anglicare submission to the dss discussion paper on ... manage finances including significant debt,

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    Anglicare Submission to the DSS

    Discussion Paper on Financial

    Capability and Wellbeing March 31st 2017

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    1. OVERVIEW OF ANGLICARE SYDNEY ........................................................................................................................................ 3

    2 GENERAL COMMENTS ........................................................................................................................................................ 3

    3 STRATEGIES TO IMPROVE THE TARGETING OF SERVICES .................................................................................................... 5

    4 SERVICE INTEGRATION ....................................................................................................................................................... 7

    5 CLIENT OUTCOMES .......................................................................................................................................................... 11

    6 STRATEGIES TO BUILD A STRONG WORKFORCE ............................................................................................................... 15

    7 STRATEGIES TO IMPROVE EVIDENCE, PRACTICE AND MEASURE OUTCOMES ................................................................... 16

    CLOSING STATEMENT ............................................................................................................................................................... 16

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    1. Overview of Anglicare Sydney 1.1 Anglicare Diocese of Sydney (Anglicare Sydney) is an organisation of the Anglican Church and one of the

    largest Christian community service organisations in Australia. Within the Community Services arm of

    Anglicare Sydney we operate a wide range of community services and programs across the Sydney

    Metropolitan, Illawarra and Shoalhaven regions of New South Wales, including services for migrants and

    refugees, counselling and family support services (including Family Relationship Centres); carer support

    services; disability respite; youth services; emergency relief for people in crisis; foster care and adoption for

    children; aged care both through residential and community services; opportunity shops providing low-cost

    clothing; emergency management in times of natural disaster; and chaplains in hospitals, prisons, mental

    health facilities and juvenile justice institutions.

    1.2 For more than 40 years Anglicare Sydney has provided material aid to people in financial hardship and crisis

    across 8 Community Centres through Emergency relief (ER) in the form of food parcels or vouchers, support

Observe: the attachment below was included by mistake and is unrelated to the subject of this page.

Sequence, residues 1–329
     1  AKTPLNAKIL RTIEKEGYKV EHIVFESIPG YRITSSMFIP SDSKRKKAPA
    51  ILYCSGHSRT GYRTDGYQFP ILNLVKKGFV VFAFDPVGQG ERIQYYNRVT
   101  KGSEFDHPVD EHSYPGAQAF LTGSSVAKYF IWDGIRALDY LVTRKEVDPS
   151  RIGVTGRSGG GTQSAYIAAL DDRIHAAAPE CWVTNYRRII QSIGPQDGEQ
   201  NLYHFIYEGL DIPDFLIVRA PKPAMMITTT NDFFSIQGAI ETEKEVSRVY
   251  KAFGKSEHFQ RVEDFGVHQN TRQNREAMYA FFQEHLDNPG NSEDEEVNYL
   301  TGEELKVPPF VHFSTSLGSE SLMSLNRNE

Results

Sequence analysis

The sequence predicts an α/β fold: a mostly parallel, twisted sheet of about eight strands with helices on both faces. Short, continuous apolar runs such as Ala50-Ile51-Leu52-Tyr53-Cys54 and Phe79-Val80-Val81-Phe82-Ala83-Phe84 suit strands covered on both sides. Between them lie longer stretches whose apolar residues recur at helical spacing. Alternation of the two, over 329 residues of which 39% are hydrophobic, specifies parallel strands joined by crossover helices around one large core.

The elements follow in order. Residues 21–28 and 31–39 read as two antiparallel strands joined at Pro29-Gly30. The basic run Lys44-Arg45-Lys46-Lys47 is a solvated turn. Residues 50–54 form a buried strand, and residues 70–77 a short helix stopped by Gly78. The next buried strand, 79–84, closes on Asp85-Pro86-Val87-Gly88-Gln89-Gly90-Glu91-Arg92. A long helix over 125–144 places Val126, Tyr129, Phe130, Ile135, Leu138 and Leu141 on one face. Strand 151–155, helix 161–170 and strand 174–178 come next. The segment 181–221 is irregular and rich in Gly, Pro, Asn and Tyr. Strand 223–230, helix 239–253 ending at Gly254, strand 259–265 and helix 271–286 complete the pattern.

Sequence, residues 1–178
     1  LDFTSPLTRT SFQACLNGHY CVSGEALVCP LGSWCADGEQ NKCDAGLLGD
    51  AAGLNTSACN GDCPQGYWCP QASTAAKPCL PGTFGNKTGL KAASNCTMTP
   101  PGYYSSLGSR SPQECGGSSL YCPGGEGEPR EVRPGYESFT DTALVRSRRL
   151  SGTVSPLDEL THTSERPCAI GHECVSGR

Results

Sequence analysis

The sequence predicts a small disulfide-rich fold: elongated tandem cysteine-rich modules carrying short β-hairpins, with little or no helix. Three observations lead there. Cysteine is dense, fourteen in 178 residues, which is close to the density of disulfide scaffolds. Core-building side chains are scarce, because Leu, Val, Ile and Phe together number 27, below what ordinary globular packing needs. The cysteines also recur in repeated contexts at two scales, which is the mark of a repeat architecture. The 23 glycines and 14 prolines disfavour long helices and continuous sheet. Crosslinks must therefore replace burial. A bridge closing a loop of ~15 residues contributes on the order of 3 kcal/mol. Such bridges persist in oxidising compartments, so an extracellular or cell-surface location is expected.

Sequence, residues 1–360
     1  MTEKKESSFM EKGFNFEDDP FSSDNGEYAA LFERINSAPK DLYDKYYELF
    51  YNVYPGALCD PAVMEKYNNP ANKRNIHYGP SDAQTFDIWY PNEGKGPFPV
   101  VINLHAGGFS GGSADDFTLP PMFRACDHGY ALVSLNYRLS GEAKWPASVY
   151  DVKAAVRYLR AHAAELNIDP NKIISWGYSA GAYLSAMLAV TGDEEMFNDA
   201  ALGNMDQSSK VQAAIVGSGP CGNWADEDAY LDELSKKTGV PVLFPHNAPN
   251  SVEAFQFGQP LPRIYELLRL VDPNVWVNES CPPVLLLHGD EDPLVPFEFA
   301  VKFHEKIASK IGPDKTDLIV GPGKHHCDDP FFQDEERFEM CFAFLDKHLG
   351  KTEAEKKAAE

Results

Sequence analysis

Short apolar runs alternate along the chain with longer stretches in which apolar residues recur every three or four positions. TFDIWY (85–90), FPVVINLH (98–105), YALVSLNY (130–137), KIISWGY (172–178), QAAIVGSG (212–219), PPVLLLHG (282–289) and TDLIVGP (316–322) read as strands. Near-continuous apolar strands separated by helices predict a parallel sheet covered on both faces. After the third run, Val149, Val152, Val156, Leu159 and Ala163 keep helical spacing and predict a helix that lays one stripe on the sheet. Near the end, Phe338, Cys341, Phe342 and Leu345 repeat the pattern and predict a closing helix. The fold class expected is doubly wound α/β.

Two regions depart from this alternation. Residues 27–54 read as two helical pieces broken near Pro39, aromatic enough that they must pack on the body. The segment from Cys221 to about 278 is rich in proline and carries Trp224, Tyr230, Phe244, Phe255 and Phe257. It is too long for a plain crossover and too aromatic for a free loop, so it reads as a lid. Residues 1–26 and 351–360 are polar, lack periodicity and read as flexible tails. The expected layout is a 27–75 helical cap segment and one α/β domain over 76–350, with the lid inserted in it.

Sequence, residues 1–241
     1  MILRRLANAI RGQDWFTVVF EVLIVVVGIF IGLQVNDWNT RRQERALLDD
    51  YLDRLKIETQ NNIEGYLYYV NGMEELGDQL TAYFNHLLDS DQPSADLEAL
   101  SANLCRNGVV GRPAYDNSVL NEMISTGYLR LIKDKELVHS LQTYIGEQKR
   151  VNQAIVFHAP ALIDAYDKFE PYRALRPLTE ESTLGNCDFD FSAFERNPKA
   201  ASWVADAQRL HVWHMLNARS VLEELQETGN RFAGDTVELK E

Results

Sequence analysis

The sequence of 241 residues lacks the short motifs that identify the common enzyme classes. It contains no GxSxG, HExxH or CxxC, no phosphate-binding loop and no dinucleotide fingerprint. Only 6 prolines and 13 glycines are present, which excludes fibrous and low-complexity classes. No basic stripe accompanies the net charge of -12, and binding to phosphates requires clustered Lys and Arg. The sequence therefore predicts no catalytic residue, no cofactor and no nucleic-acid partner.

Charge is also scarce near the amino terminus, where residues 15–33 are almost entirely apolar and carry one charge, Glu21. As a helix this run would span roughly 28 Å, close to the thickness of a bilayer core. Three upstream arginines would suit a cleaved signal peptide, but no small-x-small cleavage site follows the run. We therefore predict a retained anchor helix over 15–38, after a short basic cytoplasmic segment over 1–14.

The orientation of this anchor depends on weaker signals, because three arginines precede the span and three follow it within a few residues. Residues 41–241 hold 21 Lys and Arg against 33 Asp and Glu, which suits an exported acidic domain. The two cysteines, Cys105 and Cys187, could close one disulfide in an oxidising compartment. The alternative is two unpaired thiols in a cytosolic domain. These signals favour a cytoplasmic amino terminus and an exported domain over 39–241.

with utility bills, medication, transport, household goods, clothing, and increasingly rental assistance

    including rental arrears, bond and removalist fees to help people maintain or find suitable accommodation.

    Increasingly over the last 10 years we have also been involved in the provision of Financial Counselling,

    Financial Capability work and microfinance via the No Interest Loans Scheme (NILS), and the StepUP Loans

    program.

    2 General Comments

    2.1 For many years ER was seen in the community as a ‘band aid’ solution providing a one off service to avert

    crisis by the provision of food or other material aid. Between 2005 and 2010 Anglicare ER workers indicated

    that this simple transactional service model was inadequate. The same service users, representing the same

    households, returned with monotonous regularity, presenting with complex and intertwined issues of food

    and housing insecurity, relationship breakdown, physical and mental health issues, disability,

    unemployment, ongoing financial and credit card debt and parenting problems. Additionally there were a

    large number of children represented in these households who were at risk of intergenerational poverty,

    with compromised well-being and future life chances. At risk were future trajectories into pathways of

    education and employment which might break this intergenerational transmission of poverty. Doors of

    opportunity can be fully or partially closed to such children, and moving from current, deep social exclusion

    into future full participation in society can be both difficult and complex.

    2.2 Anglicare Sydney recognises that this regular accessing of Financial Wellbeing and Capability Services (FWC)

    and/or ER is usually indicative of deep and persistent disadvantage. Individuals and families present with a

    range of issues, intertwined, complex and often difficult to resolve – what some commentators have called